By Blake Daniel, Duke Divinity Intern
We pulled up to the ramshackle farmhouse in the boondocks of North Carolina just as the sun was setting. I took stock of the rural imagery as we parked and got out of the car. This sunset is beautiful, I thought – yet my thoughts quickly ran to the farm workers whom we were preparing to visit: Each sunset merely concludes a day of sweltering summer heat. And what beautiful farmland! But would I like to work this farmland on my hands and knees twelve hours a day, six days a week? Indeed, much of the bucolic setting comes at the expense of unrewarded human labor. I couldn’t help but think, How much of this soil has blood in it?
Thankfully my cascading thoughts were diverted as we padded our way onto the front porch of the house. Both curious and cautious, we knocked on the trim of the screen door and peered through the mesh. A smiling face quickly appeared and greeted us warmly in Spanish. Alex’s disposition changed immediately as she recognized Luis, a farm worker from Veracruz, Mexico with kind eyes and a gentle presence. Luis ushered us inside and introduced us to his two coworkers and housemates, who are also from Veracruz and, like Luis, are working in North Carolina as part of the government’s H2A guest worker program.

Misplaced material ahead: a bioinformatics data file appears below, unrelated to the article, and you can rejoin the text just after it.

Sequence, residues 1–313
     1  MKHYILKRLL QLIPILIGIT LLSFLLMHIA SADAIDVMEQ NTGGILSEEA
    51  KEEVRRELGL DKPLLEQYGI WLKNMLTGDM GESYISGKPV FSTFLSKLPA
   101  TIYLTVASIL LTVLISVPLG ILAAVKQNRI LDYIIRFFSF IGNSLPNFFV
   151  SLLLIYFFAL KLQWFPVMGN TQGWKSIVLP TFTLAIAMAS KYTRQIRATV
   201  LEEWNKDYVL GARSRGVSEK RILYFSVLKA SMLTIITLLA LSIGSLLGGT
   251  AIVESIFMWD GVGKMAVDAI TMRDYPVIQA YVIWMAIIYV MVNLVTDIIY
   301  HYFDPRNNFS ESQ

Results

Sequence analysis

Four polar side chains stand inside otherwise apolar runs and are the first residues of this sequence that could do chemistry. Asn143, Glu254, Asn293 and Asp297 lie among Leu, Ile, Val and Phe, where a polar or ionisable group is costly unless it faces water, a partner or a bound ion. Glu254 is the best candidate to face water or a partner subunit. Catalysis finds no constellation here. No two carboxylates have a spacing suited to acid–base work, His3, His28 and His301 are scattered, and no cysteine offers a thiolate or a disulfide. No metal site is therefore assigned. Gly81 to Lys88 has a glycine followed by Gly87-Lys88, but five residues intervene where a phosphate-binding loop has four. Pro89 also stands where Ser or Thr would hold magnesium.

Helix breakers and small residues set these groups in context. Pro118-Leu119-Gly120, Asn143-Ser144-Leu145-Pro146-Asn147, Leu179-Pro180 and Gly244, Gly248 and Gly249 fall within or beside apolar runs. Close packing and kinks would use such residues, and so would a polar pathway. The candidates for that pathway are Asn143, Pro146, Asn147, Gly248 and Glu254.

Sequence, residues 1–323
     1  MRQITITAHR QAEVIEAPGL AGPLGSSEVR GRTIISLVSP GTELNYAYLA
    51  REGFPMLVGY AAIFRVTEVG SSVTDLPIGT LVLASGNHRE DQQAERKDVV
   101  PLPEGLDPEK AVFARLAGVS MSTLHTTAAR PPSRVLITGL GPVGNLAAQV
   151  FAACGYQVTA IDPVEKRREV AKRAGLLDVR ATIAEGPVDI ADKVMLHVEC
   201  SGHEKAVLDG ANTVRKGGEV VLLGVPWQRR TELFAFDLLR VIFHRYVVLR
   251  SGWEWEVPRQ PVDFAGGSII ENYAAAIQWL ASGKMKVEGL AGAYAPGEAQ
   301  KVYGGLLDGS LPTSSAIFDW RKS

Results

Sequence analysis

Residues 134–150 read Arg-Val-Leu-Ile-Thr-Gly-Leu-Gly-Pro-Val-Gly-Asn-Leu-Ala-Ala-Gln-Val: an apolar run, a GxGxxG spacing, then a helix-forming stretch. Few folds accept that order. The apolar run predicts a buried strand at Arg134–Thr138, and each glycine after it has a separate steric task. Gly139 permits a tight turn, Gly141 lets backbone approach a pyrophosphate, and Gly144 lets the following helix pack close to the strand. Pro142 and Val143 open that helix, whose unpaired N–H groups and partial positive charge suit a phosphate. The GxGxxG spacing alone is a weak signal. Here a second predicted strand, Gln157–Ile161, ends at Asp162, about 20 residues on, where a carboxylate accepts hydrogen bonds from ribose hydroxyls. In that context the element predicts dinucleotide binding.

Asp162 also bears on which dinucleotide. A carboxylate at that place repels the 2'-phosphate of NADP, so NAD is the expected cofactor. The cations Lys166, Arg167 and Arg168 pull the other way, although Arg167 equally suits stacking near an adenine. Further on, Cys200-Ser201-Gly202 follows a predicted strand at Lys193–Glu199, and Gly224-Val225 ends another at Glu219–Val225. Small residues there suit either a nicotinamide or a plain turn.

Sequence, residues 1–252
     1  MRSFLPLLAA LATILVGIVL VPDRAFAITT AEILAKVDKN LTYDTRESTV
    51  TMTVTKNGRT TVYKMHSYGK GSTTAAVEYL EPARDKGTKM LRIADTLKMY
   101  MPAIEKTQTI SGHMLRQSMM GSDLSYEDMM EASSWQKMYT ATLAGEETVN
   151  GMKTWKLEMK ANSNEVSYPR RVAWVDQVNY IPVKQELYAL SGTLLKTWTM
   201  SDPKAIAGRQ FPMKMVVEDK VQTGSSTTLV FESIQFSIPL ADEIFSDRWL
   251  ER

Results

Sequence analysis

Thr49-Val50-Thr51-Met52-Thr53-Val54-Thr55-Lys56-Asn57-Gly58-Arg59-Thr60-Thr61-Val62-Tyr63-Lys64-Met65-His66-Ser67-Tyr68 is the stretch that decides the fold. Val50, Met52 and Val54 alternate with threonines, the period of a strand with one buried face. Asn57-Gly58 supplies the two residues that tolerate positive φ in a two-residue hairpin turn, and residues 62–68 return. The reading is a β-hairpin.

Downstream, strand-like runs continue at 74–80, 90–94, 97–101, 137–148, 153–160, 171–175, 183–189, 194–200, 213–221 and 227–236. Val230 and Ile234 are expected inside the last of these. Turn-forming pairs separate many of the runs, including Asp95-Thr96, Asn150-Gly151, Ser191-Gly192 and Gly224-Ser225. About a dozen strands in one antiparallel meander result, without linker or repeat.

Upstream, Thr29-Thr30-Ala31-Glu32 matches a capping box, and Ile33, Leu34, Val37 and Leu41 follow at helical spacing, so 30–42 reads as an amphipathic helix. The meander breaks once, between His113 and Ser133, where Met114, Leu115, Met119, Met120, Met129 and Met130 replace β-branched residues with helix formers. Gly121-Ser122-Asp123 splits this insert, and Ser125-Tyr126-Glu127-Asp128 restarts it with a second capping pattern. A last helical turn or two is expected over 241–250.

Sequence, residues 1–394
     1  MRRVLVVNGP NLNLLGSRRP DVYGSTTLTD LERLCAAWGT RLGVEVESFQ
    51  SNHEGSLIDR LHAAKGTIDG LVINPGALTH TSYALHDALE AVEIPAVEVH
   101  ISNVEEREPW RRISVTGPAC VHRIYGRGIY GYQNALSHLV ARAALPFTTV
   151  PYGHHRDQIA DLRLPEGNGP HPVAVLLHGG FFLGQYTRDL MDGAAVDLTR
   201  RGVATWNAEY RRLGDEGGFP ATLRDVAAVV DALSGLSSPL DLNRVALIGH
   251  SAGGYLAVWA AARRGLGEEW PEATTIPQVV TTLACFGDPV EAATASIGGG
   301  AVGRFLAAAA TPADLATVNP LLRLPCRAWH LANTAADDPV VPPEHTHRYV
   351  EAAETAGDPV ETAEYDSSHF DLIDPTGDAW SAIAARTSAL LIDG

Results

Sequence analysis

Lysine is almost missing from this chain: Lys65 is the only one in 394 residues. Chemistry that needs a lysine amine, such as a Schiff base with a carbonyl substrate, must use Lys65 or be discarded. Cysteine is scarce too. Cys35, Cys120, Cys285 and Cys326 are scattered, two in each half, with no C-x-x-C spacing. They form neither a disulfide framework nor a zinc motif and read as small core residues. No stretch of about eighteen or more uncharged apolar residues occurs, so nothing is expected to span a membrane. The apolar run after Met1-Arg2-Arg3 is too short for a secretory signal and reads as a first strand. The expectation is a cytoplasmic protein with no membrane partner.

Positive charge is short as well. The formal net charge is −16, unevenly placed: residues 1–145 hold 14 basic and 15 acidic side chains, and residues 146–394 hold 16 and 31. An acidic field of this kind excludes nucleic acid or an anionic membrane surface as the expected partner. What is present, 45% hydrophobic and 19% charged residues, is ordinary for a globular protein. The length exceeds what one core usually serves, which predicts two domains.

For ninety minutes, we – Alex, Lauren, and myself – sat in the front room of this old farmhouse, beneath one exposed lightbulb and amidst stifling humidity, and we told stories. Sometimes our stories were of lighter fare – our thoughts on the World Cup, for instance, or on the awkwardness of learning another language – and sometimes our stories focused on more serious issues, like immigration reform and the recent death of a farm worker friend. Since my Spanish is pretty rusty, I spent most of the time listening.